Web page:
The Very Nice Box, by Laura Blackett and Eve Gleichman, is a novel about a woman who designs products for an IKEA-like company. It’s very mannered. The main character is emotionally wounded in the improbable way that only protagonists of novels are emotionally wounded—she never deviates from her perfectly attuned daily schedule, and nothing ever interferes with the little cocoon in which she’s hiding from her trauma, until the inciting incident of the book throws her years-long uninterrupted torpor into chaos. It feels less like a novel about real people and more like a pair of authors playing with stiff figures in a doll house. Regardless, I enjoyed the ideas, symbols, and themes of the book, even if I never emotionally identified with the characters.
Billy Summers is the best novel that Stephen King has written in decades. That sounds like high praise, but please know that I’ve loathed all of Stephen King’s novels since, maybe, The Green Mile? (I haven’t read all of them, but boy was Under the Dome terrible.) It’s the story of a hit man who pretends to be a writer as a cover for his latest assassination, but he slowly falls in love with writing and so he gradually learns how to be human again. The book reads more like Elmore Leonard than Stephen King in parts, which I mean as a huge compliment. Readers should be warned that there are plenty of King-isms here: His trademark fatphobia is on full display, and he addresses the trauma of sexual assault with all the stunted empathy and understanding that a well-meaning Boomer man can muster. But I had a really good time with this book, and was shocked by how present King felt throughout, with none of the sloppiness that clogged up most of his recent books.
Robert J. Sawyer is a Canadian sci-fi writer who writes about Big Ideas but doesn’t take them too seriously. I loved his book Calculating God, which is about aliens who show up on Earth one day demanding to talk to a paleontologist. Together, the aliens and our protagonist try to unwind a mystery that might uncover the true meaning of life. If you like old-school sci-fi that doesn’t get too wrapped up in making the high concept feel realistic, this might be for you—though you should be warned that the ending is super-rushed.
I read Agatha Christie’s And Then There Were None for the first time, and it was a lot of fun—but my favorite part of the book was Christie’s introduction, which can be succinctly paraphrased as “This book was really hard to write, you guys, and I did a really great job with it.” Here it is:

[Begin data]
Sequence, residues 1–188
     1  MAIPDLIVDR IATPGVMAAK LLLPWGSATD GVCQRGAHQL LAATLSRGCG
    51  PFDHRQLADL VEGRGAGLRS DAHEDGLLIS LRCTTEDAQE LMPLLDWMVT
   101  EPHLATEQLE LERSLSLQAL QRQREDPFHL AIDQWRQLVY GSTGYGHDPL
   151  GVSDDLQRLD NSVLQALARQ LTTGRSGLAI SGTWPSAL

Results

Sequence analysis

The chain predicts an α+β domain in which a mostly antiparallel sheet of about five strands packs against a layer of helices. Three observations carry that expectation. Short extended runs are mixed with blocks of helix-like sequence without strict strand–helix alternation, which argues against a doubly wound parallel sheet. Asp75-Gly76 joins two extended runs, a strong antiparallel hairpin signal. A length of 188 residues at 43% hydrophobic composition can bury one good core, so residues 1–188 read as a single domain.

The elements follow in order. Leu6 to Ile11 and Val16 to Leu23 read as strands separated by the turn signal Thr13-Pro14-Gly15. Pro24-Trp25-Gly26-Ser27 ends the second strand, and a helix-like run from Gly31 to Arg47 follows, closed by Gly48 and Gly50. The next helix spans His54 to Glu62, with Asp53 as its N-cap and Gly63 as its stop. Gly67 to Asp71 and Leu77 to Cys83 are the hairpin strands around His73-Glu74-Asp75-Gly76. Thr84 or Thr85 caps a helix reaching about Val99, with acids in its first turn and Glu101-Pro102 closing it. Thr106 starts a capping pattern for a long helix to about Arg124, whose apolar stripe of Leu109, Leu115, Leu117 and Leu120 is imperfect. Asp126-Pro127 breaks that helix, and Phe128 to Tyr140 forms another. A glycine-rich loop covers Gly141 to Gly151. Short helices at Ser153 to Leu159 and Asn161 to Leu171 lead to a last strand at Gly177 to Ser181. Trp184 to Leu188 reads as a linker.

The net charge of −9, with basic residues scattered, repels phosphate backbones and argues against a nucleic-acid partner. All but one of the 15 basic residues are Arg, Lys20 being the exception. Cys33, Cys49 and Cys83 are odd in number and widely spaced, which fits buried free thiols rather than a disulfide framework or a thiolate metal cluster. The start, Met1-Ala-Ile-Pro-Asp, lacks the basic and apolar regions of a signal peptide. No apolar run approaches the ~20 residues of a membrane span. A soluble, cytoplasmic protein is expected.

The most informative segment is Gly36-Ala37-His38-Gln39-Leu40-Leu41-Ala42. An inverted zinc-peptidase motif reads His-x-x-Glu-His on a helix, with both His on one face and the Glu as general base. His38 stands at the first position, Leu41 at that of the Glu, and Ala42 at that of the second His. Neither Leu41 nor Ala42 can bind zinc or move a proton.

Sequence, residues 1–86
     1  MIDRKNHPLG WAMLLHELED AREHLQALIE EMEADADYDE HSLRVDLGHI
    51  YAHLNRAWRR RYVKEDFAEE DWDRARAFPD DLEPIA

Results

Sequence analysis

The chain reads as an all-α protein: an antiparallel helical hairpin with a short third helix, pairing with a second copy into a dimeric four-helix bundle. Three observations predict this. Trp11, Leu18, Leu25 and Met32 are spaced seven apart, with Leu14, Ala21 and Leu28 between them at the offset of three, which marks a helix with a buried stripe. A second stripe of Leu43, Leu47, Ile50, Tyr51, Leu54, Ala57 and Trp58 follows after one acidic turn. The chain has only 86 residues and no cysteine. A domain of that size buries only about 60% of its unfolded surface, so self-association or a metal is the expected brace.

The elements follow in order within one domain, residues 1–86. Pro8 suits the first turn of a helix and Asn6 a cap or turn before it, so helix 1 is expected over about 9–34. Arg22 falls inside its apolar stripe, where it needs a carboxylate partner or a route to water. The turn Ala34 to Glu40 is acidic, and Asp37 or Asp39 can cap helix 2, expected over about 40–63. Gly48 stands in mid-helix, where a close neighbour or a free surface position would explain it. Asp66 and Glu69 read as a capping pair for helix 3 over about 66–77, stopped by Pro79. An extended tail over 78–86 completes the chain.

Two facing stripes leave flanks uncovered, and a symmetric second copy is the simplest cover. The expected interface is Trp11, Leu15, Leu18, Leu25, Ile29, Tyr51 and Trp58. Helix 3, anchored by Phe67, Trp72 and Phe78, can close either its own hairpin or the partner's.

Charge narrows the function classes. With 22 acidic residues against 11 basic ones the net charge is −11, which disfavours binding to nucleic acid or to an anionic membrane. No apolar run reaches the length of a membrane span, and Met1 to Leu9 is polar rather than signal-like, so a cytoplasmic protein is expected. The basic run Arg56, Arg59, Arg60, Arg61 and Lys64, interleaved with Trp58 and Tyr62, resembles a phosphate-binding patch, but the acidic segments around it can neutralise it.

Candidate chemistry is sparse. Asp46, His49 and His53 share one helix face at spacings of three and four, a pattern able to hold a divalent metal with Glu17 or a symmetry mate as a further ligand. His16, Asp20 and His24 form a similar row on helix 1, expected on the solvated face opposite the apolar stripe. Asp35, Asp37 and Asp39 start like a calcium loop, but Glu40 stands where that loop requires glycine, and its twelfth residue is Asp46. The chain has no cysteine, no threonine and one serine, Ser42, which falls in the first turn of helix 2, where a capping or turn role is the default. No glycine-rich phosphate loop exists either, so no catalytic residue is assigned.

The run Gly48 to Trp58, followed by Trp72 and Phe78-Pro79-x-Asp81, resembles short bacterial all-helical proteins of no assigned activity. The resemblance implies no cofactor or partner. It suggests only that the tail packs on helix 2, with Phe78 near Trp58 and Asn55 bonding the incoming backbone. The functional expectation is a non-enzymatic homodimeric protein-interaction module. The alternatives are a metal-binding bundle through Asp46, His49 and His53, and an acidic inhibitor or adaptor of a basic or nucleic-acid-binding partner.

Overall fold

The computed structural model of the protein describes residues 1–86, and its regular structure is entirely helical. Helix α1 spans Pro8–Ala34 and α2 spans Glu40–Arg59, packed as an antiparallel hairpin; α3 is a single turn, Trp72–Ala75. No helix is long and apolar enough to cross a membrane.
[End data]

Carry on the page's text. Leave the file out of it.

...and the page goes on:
That’s all for this month
Like many of you, I’ve been watching a lot of TV. And TV is really good these days! I’ve enjoyed Nine Perfect Strangers and Ted Lasso and The White Lotusand all the same shows that everyone’s talking about. (Except I just can’t get into Succession, and I’ve tried a couple times; I’m unable to find the appeal of watching a bunch of terrible rich people behaving terribly.)
But I was blown away recently by the FX comedy Reservation Dogs. It’s a half-hour comedy that’s actually funny, and it stars a cast of young Indigenous actors who have charisma to spare. (Seriously—any one of the four main leads could headline their own Marvel movie tomorrow if they had to.) It’s well-written, well-acted, and addictive as hell, with each episode advancing the story in important ways and no filler episodes to speak of. Each episode is stuffed with satire and a little bit of magic and gallons of heart.
It’s also noteworthy that ReservationDogs is a show about people who are poor, who in fact have to worry about money all the time. All the shows I mentioned above, and I think the majority of shows on network television, are about people who never have to worry about how they’re going to pay rent, or where the next meal is coming from, or how they’re going to materially improve their lives. TV has always over-represented rich people, but it seems like poor people have all but vanished from TV over the course of my lifetime. it’s great to watch a show that takes place in the real world, where everything isn’t sterile and extravagantly bland for a change.
The first season of Reservation Dogs is 10 episodes long and it’s all on Hulu now. I hope it runs for another six seasons, and that’s why I’m asking you to watch it, too.